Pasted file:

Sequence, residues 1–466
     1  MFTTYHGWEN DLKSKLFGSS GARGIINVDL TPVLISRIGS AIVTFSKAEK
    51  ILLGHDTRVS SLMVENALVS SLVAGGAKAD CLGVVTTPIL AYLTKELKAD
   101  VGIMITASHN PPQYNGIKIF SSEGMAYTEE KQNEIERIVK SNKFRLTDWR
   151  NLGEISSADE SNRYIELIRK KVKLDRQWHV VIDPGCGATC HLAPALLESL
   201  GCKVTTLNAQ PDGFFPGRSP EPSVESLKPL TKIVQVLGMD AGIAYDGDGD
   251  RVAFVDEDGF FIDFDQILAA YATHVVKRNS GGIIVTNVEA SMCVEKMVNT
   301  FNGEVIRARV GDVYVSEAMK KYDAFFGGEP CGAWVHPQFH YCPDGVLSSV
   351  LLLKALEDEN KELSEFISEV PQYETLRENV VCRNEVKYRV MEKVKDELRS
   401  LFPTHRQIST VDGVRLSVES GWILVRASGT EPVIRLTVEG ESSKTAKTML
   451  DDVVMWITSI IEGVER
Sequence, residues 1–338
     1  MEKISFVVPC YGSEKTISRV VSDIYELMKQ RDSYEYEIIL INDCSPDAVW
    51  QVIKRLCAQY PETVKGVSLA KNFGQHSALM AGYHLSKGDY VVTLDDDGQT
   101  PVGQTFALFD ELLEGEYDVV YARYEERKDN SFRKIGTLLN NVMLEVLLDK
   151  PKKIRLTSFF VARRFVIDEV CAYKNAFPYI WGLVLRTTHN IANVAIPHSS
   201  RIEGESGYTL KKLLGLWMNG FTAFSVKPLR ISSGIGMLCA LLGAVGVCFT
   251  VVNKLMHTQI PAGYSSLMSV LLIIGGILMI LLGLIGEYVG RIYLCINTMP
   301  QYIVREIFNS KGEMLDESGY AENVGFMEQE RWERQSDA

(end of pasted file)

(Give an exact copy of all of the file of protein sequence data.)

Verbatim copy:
Sequence, residues 1–466
     1  MFTTYHGWEN DLKSKLFGSS GARGIINVDL TPVLISRIGS AIVTFSKAEK
    51  ILLGHDTRVS SLMVENALVS SLVAGGAKAD CLGVVTTPIL AYLTKELKAD
   101  VGIMITASHN PPQYNGIKIF SSEGMAYTEE KQNEIERIVK SNKFRLTDWR
   151  NLGEISSADE SNRYIELIRK KVKLDRQWHV VIDPGCGATC HLAPALLESL
   201  GCKVTTLNAQ PDGFFPGRSP EPSVESLKPL TKIVQVLGMD AGIAYDGDGD
   251  RVAFVDEDGF FIDFDQILAA YATHVVKRNS GGIIVTNVEA SMCVEKMVNT
   301  FNGEVIRARV GDVYVSEAMK KYDAFFGGEP CGAWVHPQFH YCPDGVLSSV
   351  LLLKALEDEN KELSEFISEV PQYETLRENV VCRNEVKYRV MEKVKDELRS
   401  LFPTHRQIST VDGVRLSVES GWILVRASGT EPVIRLTVEG ESSKTAKTML
   451  DDVVMWITSI IEGVER
Sequence, residues 1–338
     1  MEKISFVVPC YGSEKTISRV VSDIYELMKQ RDSYEYEIIL INDCSPDAVW
    51  QVIKRLCAQY PETVKGVSLA KNFGQHSALM AGYHLSKGDY VVTLDDDGQT
   101  PVGQTFALFD ELLEGEYDVV YARYEERKDN SFRKIGTLLN NVMLEVLLDK
   151  PKKIRLTSFF VARRFVIDEV CAYKNAFPYI WGLVLRTTHN IANVAIPHSS
   201  RIEGESGYTL KKLLGLWMNG FTAFSVKPLR ISSGIGMLCA LLGAVGVCFT
   251  VVNKLMHTQI PAGYSSLMSV LLIIGGILMI LLGLIGEYVG RIYLCINTMP
   301  QYIVREIFNS KGEMLDESGY AENVGFMEQE RWERQSDA